As áreas úmidas cobrem aproximadamente 6% da superfície da terra e são frequentemente encontradas na interface entre ecossistemas terrestres e aquáticos e fortemente dependentes do ciclo da água. Por esta razão são extremamente vulneráveis aos efeitos das alterações do clima. Os ecossistemas de manguezais e várzeas são muito importantes para os seres humanos da Amazônia, porque são de onde eles extraem algumas das principais fontes de proteínas e renda, e, por isso, foram os dois tipos de áreas úmidas escolhidos para esse estudo. Entre as principais consequências das mudanças climáticas previstas para esses ambientes estão as alterações nos regimes hidrológicos, que podem causar grandes secas ou inundações. A possível redução das chuvas pode causar a diminuição das áreas de mangue e várzea, provocando um rápido declínio de suas espécies. Por outro lado, o aumento das chuvas teria como provável consequência a substituição de espécies de plantas, que não seriam capazes de sobreviver sob as novas condições por um longo período de tempo. As principais consequências do aumento da temperatura da água entre as áreas úmidas seria que nas várzeas este parâmetro aumentaria a frequência ou duração dos episódios hipóxicos e/ou anóxicos, podendo causar a redução da taxa de crescimento e prejudicando o sucesso reprodutivo de muitas espécies, enquanto nos manguezais esta mudança influenciaria no nível do mar, provocando a perda desses ambientes pelo processo de erosão costeira. Portanto, tais mudanças poderão levar à perda e/ou redução das áreas úmidas da Amazônia, refletindo na capacidade de adaptação, composição e distribuição de suas espécies, consequentemente afetando as populações humanas que deles dependem.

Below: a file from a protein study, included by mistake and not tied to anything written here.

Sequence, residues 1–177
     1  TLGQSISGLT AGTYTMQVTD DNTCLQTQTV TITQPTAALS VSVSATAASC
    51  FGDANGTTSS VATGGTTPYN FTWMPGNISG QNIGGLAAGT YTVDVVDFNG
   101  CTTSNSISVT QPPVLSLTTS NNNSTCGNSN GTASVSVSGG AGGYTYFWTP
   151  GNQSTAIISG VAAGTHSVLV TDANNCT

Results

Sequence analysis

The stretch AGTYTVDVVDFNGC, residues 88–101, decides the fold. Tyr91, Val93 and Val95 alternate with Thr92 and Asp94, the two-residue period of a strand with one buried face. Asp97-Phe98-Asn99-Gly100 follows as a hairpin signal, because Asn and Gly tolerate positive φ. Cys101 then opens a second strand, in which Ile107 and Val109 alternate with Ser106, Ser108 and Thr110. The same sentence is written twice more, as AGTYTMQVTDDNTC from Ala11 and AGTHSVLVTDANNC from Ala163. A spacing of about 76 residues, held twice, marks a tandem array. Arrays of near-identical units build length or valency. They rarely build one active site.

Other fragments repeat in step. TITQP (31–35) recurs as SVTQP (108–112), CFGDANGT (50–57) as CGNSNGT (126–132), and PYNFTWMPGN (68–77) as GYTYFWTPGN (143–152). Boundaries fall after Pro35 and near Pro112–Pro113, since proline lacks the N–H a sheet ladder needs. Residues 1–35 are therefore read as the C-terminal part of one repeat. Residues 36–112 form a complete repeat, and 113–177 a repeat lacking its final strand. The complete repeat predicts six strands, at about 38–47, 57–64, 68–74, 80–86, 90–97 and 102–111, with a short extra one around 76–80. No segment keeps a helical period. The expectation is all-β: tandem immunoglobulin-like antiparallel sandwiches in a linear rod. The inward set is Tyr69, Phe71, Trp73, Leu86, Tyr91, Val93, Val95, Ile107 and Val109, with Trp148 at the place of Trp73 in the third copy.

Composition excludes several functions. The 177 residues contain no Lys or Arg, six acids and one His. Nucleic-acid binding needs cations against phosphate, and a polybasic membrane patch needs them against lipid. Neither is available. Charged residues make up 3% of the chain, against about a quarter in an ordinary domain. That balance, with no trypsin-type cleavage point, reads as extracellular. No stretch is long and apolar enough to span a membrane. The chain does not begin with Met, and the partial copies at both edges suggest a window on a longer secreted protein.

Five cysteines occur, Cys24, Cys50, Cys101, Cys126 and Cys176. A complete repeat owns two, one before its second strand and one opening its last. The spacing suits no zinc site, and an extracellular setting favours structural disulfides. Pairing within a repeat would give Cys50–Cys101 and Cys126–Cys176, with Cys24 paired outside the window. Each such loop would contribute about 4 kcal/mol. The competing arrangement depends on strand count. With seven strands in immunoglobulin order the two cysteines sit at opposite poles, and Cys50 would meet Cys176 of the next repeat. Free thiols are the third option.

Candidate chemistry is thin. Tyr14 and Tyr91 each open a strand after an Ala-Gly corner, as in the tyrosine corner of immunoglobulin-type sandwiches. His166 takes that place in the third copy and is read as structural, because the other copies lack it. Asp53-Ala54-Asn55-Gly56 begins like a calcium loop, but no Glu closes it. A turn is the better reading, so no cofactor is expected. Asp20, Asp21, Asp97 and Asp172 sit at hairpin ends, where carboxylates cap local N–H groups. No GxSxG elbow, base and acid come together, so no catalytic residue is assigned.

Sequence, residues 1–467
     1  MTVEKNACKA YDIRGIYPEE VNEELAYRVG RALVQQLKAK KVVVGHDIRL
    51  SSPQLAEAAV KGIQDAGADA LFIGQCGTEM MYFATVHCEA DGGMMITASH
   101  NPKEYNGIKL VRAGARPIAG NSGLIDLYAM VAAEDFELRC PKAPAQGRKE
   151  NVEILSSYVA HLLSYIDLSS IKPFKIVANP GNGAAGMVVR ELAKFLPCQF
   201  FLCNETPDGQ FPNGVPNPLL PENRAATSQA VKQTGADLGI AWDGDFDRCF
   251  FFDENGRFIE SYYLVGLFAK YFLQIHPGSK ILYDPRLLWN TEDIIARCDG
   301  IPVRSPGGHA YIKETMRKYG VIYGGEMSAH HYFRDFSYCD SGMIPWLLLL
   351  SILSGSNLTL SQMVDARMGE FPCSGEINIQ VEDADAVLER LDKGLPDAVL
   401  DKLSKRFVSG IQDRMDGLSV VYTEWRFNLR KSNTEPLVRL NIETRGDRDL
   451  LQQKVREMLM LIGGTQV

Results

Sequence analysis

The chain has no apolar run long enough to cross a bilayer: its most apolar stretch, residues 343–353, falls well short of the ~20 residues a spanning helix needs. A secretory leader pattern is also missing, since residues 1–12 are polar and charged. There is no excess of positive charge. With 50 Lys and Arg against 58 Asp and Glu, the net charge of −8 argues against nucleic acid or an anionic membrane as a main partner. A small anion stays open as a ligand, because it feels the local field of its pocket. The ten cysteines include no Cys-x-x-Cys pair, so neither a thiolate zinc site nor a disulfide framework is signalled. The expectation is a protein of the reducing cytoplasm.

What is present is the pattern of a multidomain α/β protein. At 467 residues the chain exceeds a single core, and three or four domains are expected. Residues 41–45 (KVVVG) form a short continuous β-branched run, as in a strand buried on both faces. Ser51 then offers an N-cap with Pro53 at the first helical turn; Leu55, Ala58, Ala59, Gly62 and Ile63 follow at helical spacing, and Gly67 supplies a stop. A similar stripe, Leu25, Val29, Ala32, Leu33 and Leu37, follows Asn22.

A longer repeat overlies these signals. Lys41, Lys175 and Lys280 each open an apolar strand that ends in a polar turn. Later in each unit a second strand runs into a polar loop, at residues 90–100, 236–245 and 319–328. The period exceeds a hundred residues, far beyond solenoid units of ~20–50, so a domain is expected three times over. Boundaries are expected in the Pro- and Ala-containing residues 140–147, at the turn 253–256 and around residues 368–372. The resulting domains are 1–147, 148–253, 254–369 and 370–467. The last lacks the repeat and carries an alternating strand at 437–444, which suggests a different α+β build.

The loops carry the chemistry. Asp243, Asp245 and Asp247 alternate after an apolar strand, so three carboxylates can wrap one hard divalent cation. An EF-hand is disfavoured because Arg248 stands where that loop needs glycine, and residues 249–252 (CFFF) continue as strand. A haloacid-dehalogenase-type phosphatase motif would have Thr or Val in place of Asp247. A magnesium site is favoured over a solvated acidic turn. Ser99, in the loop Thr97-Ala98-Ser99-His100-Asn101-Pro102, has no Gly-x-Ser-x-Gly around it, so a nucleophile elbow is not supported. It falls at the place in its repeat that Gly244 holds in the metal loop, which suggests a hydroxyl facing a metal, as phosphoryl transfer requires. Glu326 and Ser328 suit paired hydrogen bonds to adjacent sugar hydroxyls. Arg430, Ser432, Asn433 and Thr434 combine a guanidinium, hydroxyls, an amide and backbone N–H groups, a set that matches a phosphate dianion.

Palavras-Chave: aquecimento global; áreas úmidas; manguezais; várzeas; Amazônia


Climate change refers to any change in climate conditions for any period of time, resulting either from natural causes, or by human action. Recently, climate change has been directly linked to the intensification of emissions of greenhouse gases on the terrestrial atmosphere (IPCC, 2007a). Greenhouse gases that are naturally found in the atmosphere are carbon dioxide (CO2), ozone (O3), methane (CH4), nitrous oxide (N2O) and water vapour (H2O). The presence of these gases regulates the temperature of the Earth surface. However, since the industrial revolution, there is evidence that human activities, especially the burning of fossil fuels (coal, oil and natural gas), have caused an increase in the concentration of some greenhouse gases, especially CO2, which is considered to have the strongest effect on global warming.